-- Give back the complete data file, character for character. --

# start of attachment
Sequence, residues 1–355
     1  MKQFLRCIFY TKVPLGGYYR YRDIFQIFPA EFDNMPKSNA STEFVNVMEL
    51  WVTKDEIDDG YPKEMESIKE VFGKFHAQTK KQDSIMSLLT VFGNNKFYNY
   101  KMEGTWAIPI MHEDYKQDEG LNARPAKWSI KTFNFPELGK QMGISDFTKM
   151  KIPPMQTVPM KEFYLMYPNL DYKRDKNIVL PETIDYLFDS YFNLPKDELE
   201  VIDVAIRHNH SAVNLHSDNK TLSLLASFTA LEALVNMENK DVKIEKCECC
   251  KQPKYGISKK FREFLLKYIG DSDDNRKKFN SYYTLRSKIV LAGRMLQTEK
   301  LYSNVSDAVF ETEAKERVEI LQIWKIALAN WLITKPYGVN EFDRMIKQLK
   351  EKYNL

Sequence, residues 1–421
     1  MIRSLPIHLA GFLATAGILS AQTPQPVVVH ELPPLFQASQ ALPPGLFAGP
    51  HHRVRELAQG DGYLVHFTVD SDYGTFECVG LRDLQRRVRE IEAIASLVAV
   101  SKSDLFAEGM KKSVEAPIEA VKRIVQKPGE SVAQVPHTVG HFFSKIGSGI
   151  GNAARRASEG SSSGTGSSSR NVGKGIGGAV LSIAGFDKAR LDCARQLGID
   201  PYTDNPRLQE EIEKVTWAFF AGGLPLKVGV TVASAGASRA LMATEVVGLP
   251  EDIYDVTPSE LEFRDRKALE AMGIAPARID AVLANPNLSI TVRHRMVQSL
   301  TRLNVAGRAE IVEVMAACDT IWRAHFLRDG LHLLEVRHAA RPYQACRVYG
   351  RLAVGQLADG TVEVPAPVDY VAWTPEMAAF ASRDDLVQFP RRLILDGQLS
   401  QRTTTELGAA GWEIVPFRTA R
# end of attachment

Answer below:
Sequence, residues 1–355
     1  MKQFLRCIFY TKVPLGGYYR YRDIFQIFPA EFDNMPKSNA STEFVNVMEL
    51  WVTKDEIDDG YPKEMESIKE VFGKFHAQTK KQDSIMSLLT VFGNNKFYNY
   101  KMEGTWAIPI MHEDYKQDEG LNARPAKWSI KTFNFPELGK QMGISDFTKM
   151  KIPPMQTVPM KEFYLMYPNL DYKRDKNIVL PETIDYLFDS YFNLPKDELE
   201  VIDVAIRHNH SAVNLHSDNK TLSLLASFTA LEALVNMENK DVKIEKCECC
   251  KQPKYGISKK FREFLLKYIG DSDDNRKKFN SYYTLRSKIV LAGRMLQTEK
   301  LYSNVSDAVF ETEAKERVEI LQIWKIALAN WLITKPYGVN EFDRMIKQLK
   351  EKYNL

Sequence, residues 1–421
     1  MIRSLPIHLA GFLATAGILS AQTPQPVVVH ELPPLFQASQ ALPPGLFAGP
    51  HHRVRELAQG DGYLVHFTVD SDYGTFECVG LRDLQRRVRE IEAIASLVAV
   101  SKSDLFAEGM KKSVEAPIEA VKRIVQKPGE SVAQVPHTVG HFFSKIGSGI
   151  GNAARRASEG SSSGTGSSSR NVGKGIGGAV LSIAGFDKAR LDCARQLGID
   201  PYTDNPRLQE EIEKVTWAFF AGGLPLKVGV TVASAGASRA LMATEVVGLP
   251  EDIYDVTPSE LEFRDRKALE AMGIAPARID AVLANPNLSI TVRHRMVQSL
   301  TRLNVAGRAE IVEVMAACDT IWRAHFLRDG LHLLEVRHAA RPYQACRVYG
   351  RLAVGQLADG TVEVPAPVDY VAWTPEMAAF ASRDDLVQFP RRLILDGQLS
   401  QRTTTELGAA GWEIVPFRTA R